An event or something that occurs that alerts a person to a problem that needs fixing.
Example: I was smoking on my patio and I carelessly left a cigarette burning on the ground. I nearly set my house on fire because of that! This was the wake-up call I needed to stop.
Origin Of ‘Wake-Up Call’
It’s believed that the common phrase ‘wake-up call’ comes from hotels, or more specifically, an ‘alarm clock’ type service that hotels offer (though I don’t know if this is a thing anymore). Let me elaborate:
While staying at a hotel, people who wanted help waking up could make a request for a phone call to be sent their way in the morning. This essentially served the same purpose as an alarm clock. Some hotels, instead of calling the person, they would simply have a clerk go to the person’s door. However, these days, with phones being as common as they are and the fact that it’s super easy to set our own alarms, I’m not so sure how common this service is anymore.
Anyways, the earliest recording that I could find of this particular service is from the 1930s. It looks like hotels were not the only ones to provide this ‘wake-up call’ service. The following example comes from The Sydney Morning Herald newspaper, 1933, where telephone subscribers could get a call at an hour of their choosing to help wake them up:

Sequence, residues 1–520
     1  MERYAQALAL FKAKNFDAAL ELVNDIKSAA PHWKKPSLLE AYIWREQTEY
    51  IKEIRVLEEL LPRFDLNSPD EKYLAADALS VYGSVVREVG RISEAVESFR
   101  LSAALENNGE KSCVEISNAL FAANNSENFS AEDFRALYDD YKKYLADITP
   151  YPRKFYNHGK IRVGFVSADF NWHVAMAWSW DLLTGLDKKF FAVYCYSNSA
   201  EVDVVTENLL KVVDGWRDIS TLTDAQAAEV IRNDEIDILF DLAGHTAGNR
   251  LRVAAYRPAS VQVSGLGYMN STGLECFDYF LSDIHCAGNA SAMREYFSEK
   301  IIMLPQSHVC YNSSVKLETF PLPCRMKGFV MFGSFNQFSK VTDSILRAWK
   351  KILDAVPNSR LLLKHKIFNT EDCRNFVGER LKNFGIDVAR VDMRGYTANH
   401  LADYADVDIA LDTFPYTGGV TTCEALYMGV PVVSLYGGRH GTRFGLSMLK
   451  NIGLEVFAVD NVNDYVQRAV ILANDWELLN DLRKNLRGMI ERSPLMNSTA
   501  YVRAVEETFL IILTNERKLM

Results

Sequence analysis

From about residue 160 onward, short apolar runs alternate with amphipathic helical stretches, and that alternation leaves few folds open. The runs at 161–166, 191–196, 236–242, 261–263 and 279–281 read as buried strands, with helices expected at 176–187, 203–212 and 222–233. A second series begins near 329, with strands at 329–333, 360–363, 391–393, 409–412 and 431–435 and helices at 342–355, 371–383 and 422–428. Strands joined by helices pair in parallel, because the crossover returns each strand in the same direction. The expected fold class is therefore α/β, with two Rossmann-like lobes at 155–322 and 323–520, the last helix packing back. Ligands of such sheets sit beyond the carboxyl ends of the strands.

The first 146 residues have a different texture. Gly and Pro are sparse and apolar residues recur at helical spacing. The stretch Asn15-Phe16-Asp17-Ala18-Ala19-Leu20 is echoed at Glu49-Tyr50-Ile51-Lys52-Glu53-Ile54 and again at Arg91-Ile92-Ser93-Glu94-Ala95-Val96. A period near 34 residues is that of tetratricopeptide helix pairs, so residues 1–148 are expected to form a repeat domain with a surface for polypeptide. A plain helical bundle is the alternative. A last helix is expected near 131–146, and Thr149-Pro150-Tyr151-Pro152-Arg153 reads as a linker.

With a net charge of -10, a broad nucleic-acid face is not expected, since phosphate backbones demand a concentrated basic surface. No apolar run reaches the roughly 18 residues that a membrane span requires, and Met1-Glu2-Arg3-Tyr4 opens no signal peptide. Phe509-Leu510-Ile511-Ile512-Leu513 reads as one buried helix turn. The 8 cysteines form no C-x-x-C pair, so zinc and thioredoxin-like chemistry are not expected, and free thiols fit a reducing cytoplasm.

“‘WAKE UP’ CALLS. Telephone Service Started.
The Postal Department has Inaugurated a ‘wake up’ service for telephone subscribers; Up to the present 25 calls are made daily between 3 a.m. and 8 a.m., the subscriber being awakened by the persistent ringing of the telephone.”
Even before that, though, this phrase was apparently already being used in a figurative way. For example, in Munsey’s Magazine, 1917:
“‘It is not yet the time,’ he added, ‘to emphasize the financial details. It is the time, however, to sound the wake-up call.’ “
- After getting tired from a mere two minutes of strenuous activity, it was a wake up call to me, because I realized that I needed to start an exercise routine to get myself back into shape.
Note: Know Your Phrase has idioms and the meanings for common sayings, and we have a list of them, so go ahead and use it if you are looking for one in particular.